London: Global markets reacted to the latest escalation of the US-China trade spat with relative calm on Tuesday. Asian stocks jumped and S&P 500 futures edged higher with European shares after America set its next round of tariffs at 10 percent and Beijing pledged to retaliate
Stocks rise on watered-down tariffs; Pound slips.
While the timeline for fresh levies on $200 billion of Chinese goodsannounced by President Donald Trump represents an escalation of the protectionist dispute, it will be months before the tariffs hit the 25 percent level some investors have been preparing for. Asia equities recovered from early weakness, with benchmarks in Japan and Shanghai jumping. The Stoxx Europe 600 Index also overcame a soft start as automakers and miners advanced.
China’s yuan erased a drop, suggesting traders had been anticipating the latest tariff salvo. The dollar was steady as the euro pared a gain and the pound fell. Treasuries slipped as most European government bonds climbed, though Italian debt underperformed after a report of yet more tension over the country’s impending budget.
Trump has already vowed to increase pressure on China if the Asian nation retaliates to U.S. tariffs, which raises the risk of a tit-for-tat escalation between the world’s two biggest economies. However the rhetoric has been running for months, and many assets have priced in rising tensions, helping to cushion the latest blow.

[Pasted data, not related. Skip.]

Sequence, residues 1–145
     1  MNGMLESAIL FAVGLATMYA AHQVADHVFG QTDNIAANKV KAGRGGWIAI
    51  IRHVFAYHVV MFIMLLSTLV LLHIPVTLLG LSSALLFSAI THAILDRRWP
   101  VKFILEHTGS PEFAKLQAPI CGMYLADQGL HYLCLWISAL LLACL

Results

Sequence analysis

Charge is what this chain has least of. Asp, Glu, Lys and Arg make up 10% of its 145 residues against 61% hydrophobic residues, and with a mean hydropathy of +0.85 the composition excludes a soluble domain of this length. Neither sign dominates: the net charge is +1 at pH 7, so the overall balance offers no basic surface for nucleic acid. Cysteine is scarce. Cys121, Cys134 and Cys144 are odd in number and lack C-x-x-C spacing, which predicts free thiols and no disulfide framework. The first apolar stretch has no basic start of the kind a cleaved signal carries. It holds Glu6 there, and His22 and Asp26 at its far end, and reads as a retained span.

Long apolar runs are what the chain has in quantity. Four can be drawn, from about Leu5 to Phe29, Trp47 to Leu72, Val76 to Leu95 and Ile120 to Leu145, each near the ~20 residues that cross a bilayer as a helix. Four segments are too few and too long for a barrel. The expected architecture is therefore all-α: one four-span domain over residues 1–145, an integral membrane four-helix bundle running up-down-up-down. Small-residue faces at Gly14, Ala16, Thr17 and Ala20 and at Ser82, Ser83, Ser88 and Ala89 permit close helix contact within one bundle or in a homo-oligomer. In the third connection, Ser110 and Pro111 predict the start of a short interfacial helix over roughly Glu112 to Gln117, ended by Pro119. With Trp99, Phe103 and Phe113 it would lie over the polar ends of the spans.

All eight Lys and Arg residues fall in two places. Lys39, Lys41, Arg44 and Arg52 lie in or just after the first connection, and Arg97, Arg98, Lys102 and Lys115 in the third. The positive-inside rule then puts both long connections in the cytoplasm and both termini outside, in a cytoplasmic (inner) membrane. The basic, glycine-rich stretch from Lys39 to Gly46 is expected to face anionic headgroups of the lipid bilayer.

“While casting a shadow over Asia, the immediate market reaction may be limited given that tariffs on $200 billion of Chinese imports have been in the pipeline for a while,” Mitul Kotecha, senior EM strategist at TD Securities, wrote in a note.
Elsewhere, the Australian dollar shrugged off trade concerns to erase earlier losses and strengthen as the central bank reaffirmed its next interest-rate move would likely be higher. Turkey’s lira fell. Oil was slightly weaker as international supply concerns were overshadowed by a looming demand drop.
Futures on the S&P 500 Index climbed 0.2 percent as of 9:46 a.m. London time. The Stoxx Europe 600 Index rose 0.1 percent to the highest in two weeks. The U.K.’s FTSE 100 Index declined 0.1 percent. Germany’s DAX Index rose 0.6 percent to the highest in two weeks on the biggest advance in more than three weeks. The MSCI Asia Pacific Index jumped 0.8 percent to the highest in two weeks. The MSCI Emerging Market Index increased 0.2 percent.
The Bloomberg Dollar Spot Index rose less than 0.05 percent. The euro was unchanged at $1.1683. The British pound dipped 0.1 percent to $1.3141. The Japanese yen decreased 0.1 percent to 111.98 per dollar.
The yield on 10-year Treasuries gained one basis point to 2.99 percent. Germany’s 10-year yield fell one basis point to 0.45 percent. Britain’s 10-year yield decreased one basis point to 1.525 percent. The spread of Italy’s 10-year bonds over Germany’s increased three basis points to 2.4192 percentage points.
West Texas Intermediate crude declined 0.1 percent to $68.84 a barrel.